Donald Clarke: Kick that deviant Shakespeare off the Leaving Cert

What kind of misguided puritan can find ‘no moral learning’ in The Handmaid’s Tale?

The Handmaid’s Tale: Yes, it’s supposed to be disturbing

The Handmaid’s Tale: Yes, it’s supposed to be disturbing

 

I don’t approve of placing films on the English literature syllabus (in the unlikely event I were consulted, I would allow screenplays). But, if we must thus blur the disciplines, the Department of Education could do worse than put Phil Alden Robinson’s Field of Dreams the way of students. It’s a lovely movie and features an excellent scene in which an archetypal concerned parent gets her perm in a twist about the filth being taught to innocent children. 

Amy Madigan initially sits calmly in the school board meeting while the mother eviscerates a book we suspect to be modelled on The Catcher in the Rye. Eventually Amy stands up to ask whether the woman lived through the 1960s. She says she did. “No. I think you had two ’50s, and moved right on to the ’70s,” our hero snaps.

Back in 1989, when Field of Dreams was released, Irish moralists would have had to work hard to get aggrieved about the material on the English curriculum. But it seems we are now living in a wider simulacrum of that amusing scene. This week it was revealed that more than 40 complaints had been received about books being studied by Junior Cert and Leaving Cert English students. 

The reports made much of whinges about Emma Donoghue’s Room and Margaret Atwood’s The Handmaid’s Tale. The latter novel, one of the great feminist texts of the past half-century, was described as being “nothing but sadistic, upsetting and of no moral learning”. Another email, released to this newspaper under the Freedom of Information Act, described material on the reading lists as “offensive, abhorrent and clearly unsuitable for minors”. 

If you want more of this stuff, make your way to the blog Irish Parents Review English Curriculum. The contributing mums and dads are tolerant of Michael Curtiz’s Casablanca and Daphne du Maurier’s Rebecca, but little else gets a clean bill of health. Just listen to the filthy content in John Carney’s film Sing Street. “A piece of graffiti in the background reads: ‘I rode your Ma!’ … A teenage character says: ‘Lick my balls’ … ‘a mother is seen putting batteries into a dildo,’ ” we read. “ ‘Ride me sideways’ was another one,” Mrs Doyle from Father Ted might have added.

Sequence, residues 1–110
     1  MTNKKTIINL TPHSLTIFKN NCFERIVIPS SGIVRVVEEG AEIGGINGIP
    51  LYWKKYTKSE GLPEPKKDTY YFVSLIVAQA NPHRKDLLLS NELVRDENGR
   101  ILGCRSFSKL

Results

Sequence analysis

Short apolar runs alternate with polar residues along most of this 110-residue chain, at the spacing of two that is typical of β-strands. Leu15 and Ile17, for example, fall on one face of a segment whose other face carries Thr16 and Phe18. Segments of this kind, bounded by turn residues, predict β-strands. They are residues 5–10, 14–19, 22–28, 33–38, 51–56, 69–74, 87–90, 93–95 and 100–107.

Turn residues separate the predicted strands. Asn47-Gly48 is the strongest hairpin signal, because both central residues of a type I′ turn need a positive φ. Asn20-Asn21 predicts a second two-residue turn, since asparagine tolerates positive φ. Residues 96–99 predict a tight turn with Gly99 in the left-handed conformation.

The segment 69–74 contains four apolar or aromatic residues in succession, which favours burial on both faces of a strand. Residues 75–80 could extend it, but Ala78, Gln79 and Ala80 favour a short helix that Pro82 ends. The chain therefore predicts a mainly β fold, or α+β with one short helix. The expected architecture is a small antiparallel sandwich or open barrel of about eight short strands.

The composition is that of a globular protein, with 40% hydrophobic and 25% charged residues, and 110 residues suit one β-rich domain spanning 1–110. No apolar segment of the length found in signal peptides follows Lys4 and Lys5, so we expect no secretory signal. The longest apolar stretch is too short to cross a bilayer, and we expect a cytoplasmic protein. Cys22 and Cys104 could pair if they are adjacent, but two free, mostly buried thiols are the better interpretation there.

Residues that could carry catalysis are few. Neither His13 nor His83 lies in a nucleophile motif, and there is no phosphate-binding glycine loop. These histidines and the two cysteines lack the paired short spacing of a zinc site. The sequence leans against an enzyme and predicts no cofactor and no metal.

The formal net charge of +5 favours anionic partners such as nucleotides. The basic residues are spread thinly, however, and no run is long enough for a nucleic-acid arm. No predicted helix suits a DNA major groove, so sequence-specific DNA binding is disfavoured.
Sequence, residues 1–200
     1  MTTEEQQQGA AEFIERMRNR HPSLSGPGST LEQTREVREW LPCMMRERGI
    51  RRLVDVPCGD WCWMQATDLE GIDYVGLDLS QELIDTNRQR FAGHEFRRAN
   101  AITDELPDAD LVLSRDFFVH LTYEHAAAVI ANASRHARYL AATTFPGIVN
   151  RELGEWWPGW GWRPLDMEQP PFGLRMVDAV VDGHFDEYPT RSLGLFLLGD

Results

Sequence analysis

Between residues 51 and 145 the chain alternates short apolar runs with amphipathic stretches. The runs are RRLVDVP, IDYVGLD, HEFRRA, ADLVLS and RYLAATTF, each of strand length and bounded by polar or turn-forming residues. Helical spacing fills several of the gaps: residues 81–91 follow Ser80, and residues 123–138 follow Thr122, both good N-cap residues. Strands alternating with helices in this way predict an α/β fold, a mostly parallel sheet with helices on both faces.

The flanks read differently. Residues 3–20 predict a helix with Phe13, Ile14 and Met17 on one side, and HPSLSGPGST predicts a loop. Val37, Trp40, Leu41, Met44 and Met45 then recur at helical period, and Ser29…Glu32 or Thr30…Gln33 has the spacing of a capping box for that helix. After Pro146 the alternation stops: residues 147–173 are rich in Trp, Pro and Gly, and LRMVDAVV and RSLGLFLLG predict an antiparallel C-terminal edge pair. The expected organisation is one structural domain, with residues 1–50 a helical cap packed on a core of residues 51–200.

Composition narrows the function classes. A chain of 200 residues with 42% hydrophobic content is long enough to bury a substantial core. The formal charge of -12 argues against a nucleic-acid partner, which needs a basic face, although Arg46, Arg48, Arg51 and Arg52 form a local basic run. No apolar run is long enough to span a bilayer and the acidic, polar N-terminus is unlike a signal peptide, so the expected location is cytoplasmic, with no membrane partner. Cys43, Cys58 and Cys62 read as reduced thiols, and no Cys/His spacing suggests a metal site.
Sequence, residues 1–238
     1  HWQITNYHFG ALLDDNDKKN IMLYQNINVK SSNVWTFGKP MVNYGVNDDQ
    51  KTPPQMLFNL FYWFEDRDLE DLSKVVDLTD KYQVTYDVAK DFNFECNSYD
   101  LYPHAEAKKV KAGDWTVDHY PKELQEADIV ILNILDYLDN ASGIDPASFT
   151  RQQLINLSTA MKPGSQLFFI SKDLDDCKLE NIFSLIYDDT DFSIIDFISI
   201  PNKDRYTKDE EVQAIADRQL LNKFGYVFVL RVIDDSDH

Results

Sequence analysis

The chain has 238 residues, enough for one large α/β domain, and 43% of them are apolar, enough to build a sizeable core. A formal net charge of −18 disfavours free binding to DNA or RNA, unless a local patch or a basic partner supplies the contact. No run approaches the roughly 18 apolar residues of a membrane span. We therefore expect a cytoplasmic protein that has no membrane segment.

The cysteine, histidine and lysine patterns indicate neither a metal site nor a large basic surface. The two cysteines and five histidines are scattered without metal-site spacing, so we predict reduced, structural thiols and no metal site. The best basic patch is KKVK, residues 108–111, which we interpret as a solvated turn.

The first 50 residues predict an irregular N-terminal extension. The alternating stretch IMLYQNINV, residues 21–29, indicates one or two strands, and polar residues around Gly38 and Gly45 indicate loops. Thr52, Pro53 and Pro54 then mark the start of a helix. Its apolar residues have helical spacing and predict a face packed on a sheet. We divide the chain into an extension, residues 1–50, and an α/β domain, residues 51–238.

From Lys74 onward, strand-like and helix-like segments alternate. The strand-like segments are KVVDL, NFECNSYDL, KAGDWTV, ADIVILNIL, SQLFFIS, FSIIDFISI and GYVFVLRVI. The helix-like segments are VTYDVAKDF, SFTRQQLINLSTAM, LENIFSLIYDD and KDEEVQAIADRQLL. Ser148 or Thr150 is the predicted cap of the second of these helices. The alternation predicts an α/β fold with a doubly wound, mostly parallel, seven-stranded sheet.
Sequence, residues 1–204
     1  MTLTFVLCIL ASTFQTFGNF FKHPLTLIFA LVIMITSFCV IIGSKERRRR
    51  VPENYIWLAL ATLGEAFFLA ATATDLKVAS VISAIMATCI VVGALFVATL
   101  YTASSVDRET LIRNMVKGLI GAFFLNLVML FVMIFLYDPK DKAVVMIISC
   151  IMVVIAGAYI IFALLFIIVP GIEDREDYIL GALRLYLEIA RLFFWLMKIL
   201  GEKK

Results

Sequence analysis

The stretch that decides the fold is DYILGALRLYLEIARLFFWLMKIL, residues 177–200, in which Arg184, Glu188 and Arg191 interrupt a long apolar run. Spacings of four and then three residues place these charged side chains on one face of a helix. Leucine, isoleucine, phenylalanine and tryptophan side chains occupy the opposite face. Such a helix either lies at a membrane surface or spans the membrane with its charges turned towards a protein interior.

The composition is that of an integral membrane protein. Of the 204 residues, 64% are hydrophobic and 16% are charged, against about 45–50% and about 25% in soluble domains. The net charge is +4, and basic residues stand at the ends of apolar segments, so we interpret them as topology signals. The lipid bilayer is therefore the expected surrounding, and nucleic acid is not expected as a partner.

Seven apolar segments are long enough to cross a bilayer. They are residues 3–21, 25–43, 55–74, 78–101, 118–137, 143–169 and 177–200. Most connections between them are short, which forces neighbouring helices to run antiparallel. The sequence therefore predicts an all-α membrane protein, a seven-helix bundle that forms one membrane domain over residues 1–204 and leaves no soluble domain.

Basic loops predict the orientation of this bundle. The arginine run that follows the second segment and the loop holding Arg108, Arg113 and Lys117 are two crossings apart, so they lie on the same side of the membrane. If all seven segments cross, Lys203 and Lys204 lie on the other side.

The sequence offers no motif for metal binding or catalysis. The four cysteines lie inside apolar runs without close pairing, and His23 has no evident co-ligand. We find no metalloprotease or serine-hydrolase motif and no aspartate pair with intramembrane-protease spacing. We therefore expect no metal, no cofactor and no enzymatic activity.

Here is where we wearily pull on the robes of fair play and confirm, with as much sincerity as we can muster, that parents – indeed, all citizens – have every right to express their views about the content in educational curriculums. And others have the right to wave those complaints away. 

The most exhausting and unconvincing genre of whinge drafts children into the indictment. “I asked my daughter what she thought of the dirty book,” someone I’ve made up writes. “And she agreed with me that it was disgraceful, unnecessary and ungodly.” One can’t help but imagine poor little Aoife nodding along obediently as she attempts to get back to her bedroom and her Spotify playlist of sexually explicit Cardi B songs. Be honest. What would you say?

Censoriousness does not come from the Christian right alone. The recent decision by James Gillespie’s High School in Edinburgh to stop teaching To Kill a Mockingbird due to its “use of the N-word and . . . the white saviour motif” demonstrates a differently worrying class of puritanism. But the vanguard is likely to remain those who, in Amy Madigan’s terms, lived through the 1950s twice (or however we define the contemporary equivalent).

There is, among these arguments, a perennial inability to grasp that representation does not imply endorsement. It is hard to imagine anyone coming away from The Handmaid’s Tale with a desire to emulate the oppression of women there epicted. It is plainly nonsense to suggest that the book offers “no moral learning”. The temptation to cheaply point at Shakespeare is particularly irresistible in a year that finds King Lear sitting beside Room and The Handmaid’s Tale on the curriculum. I studied that play for the Leaving Cert 40 years ago and have not yet been tempted to pluck out any eyes in the gruesome manner Cornwall and Regan demonstrate in act three.

Yes, some of the events depicted in the disputed texts are upsetting. They are supposed to be upsetting. If it is worth pondering the prevalence of misogyny in society then, as Atwood does in The Handmaid’s Tale, it is worth imagining its hyperbolic extremes. Few of the arguments in the published complaints clarify what deleterious effect such material is supposed to have on young people. There are allegations they will be “desensitised”. But these students – many not all that young – are also supposed to be “disturbed” by the material. Can those two things go together?

The real fear is, perhaps, that students will cope perfectly adequately and will escape the constraining cultural prejudices of their parents. In short, the worry is they will grow up. It comes to most of us in the end, and it’s preferable to the alternative.

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